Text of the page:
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Dear Teddie, PowerPoint Presentation
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Dear Teddie,

Dear Teddie,

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Dear Teddie,

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  1. Dear Teddie,

  2. Dear Walter,

  3. Politics?

  4. A disagreement?

  5. IV …for the first time in world history, technological reproducibility emancipates the work from its parasitic subservience to ritual. To an ever-increasing degree, the work reproduced becomes the reproduction of a work designed for reproducibility.

  6. IV But as soon as the criterion of authenticity ceases to be applied to artistic production, the whole social function of art is revolutionized. Instead of being founded on ritual, it is based on a different practice: politics.

  7. VI The masses are a matrix from which all customary behavior toward works of art is today emerging newborn. Quantity has been transformed into quality: the greatly increased mass of participants has produced a different kind of participation. The fact that the new mode of participation first appeared in a disreputable form should not mislead the observer.

  8. VI Yet some people have launched spirited attacks against precisely this superficial aspect of the matter. Among these critics Duhamel has expressed himself most radically.What he objects to most is the kind of participation which the movie elicits from the masses. Duhamel calls the movie

  9. XV “a pastime for helots, a diversion for the uneducated, wretched, worn-out creatures who are consumed by their worries…,a spectacle which requires no concentration and presupposes no intelligence…,which kindles no light in the heart and awakens no hope other than the ridiculous one of someday becoming a ‘star’ in Los Angeles.”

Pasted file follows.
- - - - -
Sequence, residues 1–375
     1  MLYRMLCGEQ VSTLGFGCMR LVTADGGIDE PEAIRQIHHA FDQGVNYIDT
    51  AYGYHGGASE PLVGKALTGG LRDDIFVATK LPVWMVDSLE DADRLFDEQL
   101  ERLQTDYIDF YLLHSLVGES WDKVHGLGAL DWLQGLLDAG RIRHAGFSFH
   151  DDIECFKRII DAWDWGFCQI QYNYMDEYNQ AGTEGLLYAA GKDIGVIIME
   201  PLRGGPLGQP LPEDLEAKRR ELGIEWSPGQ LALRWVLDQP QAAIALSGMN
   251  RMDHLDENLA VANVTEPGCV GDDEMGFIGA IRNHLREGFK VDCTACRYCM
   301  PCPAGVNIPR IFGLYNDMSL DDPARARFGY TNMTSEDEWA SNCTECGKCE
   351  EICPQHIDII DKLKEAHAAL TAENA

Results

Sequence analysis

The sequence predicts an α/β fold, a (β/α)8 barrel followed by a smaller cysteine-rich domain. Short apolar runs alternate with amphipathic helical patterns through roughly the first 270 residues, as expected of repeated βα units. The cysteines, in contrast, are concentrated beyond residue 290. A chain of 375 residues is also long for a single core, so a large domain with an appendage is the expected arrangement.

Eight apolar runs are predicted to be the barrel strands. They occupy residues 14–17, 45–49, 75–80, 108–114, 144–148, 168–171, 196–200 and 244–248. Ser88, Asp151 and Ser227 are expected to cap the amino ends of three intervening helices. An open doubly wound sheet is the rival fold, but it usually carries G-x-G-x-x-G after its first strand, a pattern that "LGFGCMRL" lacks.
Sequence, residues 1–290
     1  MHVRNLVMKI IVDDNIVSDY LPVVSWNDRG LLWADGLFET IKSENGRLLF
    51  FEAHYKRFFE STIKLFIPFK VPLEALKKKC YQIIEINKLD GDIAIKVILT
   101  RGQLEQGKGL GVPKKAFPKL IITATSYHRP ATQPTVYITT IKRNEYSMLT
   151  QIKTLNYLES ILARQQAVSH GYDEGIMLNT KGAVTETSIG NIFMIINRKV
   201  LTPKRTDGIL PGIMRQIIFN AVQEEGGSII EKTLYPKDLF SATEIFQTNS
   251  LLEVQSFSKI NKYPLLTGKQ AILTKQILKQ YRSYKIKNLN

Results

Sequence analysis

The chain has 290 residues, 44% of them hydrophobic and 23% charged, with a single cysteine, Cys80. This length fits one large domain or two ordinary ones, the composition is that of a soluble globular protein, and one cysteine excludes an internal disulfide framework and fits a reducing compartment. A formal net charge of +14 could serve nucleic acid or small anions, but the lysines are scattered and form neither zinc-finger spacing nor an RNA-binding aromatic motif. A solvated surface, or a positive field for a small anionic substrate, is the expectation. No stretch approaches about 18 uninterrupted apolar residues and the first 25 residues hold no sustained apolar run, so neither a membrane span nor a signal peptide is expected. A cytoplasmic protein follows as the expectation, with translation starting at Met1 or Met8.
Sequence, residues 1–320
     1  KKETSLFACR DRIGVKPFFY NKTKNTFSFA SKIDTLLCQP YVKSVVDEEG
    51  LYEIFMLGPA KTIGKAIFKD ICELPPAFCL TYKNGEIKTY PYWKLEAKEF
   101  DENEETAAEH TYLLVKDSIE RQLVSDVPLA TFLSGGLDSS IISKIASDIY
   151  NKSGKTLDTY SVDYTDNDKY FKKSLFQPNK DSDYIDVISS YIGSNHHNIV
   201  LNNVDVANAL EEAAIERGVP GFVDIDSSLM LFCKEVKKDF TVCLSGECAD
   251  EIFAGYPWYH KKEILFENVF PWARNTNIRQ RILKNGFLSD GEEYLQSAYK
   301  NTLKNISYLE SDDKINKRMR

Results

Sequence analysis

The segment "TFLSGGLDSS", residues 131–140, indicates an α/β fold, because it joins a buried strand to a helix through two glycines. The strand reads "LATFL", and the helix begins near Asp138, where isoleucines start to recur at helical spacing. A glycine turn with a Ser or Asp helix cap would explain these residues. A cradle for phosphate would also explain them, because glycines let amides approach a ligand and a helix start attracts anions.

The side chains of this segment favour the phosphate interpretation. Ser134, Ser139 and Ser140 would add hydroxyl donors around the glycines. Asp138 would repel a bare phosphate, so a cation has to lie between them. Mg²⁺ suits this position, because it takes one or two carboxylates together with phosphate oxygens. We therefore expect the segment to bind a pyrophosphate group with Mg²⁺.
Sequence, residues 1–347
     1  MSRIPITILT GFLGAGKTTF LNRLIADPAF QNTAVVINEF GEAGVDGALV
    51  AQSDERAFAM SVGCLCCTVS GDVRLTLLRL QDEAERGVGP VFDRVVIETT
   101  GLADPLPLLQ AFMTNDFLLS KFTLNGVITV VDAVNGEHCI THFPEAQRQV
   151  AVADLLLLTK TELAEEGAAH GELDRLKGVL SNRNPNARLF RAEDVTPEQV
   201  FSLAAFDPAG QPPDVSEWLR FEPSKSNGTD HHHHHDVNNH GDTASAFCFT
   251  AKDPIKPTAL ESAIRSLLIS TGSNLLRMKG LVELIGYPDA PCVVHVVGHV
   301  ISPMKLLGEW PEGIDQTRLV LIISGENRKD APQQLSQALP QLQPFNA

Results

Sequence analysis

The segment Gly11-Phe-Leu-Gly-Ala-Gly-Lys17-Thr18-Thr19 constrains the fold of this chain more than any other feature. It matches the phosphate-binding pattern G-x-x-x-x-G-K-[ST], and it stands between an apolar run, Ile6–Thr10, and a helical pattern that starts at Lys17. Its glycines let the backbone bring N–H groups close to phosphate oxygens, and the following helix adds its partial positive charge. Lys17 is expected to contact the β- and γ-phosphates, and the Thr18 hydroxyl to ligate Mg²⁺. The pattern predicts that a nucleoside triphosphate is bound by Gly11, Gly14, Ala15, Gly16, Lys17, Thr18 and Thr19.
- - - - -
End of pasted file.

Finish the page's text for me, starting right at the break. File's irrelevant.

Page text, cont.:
10. XV Clearly, this is in essence the old lament that masses seek distraction, whereas art demands concentration from the spectator… A person who concentrates before a work of art is absorbed by it; he enters into the work…

  11. IIX This (distance) permits the audience to take the position of a critic, without experiencing any personal contact with the actor. The audience’s empathy with the actor is really an empathy with the camera. Consequently, the audience take the position of the camera; its approach is that of testing.

  12. XV Reception and distraction-the sort of reception which is increasingly noticeable in all area of art and is symptom of profound changes in apperception-finds in film its true training ground. It makes cult value recede into the background, not only because it encourages an evaluating attitude in the audience but also because, at the movies, the evaluating attitude requires no attention. The audience is an examiner, but a distracted one.

  13. So we have a few statements worth examining: • The role of art has changed. • The way in which the audience participates in art has changed. • Distraction and distance allow for a more critical viewpoint.

  14. Do we see these beliefs elsewhere?

  15. Bertolt Brecht & his ALIENATION EFFECT

  16. Adorno to Benjamin 1936 …the romanticism which seeks to uphold the ‘personality’ and such-like mystification, or with that anarchistic romanticism which places blind trust in the spontaneous powers of the proletariat within the historical process -a proletariat which is itself a product of bourgeois society. To a certain extent, I must charge your essay with this second form of romanticism.

  17. Adorno to Benjamin 1936 The laughter of a cinema audience - I have discussed this with Max and he has probably related this to you already - is anything but salutary and revolutionary; it is full of the worst bourgeois sadism instead. …I cannot find your theory of ‘distraction’ at all convincing…

  18. Parade of the Old New I stood on a hill and I saw the Old approaching, but it came as the New. It hobbled up on new crutches which no one had ever seen before and stank of new smells of decay which no one had ever smelt. The stone that rolled past was the newest invention and the screams of the gorillas drumming on their chests set up to be the newest thing in music. Everywhere you could see open graves standing empty as the New advanced on the capital. Round about stood those who inspire terror, shouting: Here comes the New, it’s all new, salute the New, be new like us! And those who heard, heard nothing but their shouts, but those who saw, saw certain people who were not shouting. So the Old strode in disguised as the New, but it brought the New with it in its triumphal procession and presented it as the Old. The New went fettered and in rags. They revealed its splendid limbs. And the procession moved through the night, but what they thought was the light of dawn was the light of fires in the sky. And the cry: Here comes the New, it’s all new, salute the New, be new like us! would have been easier to hear if everything had not been drowned in the thunder of guns.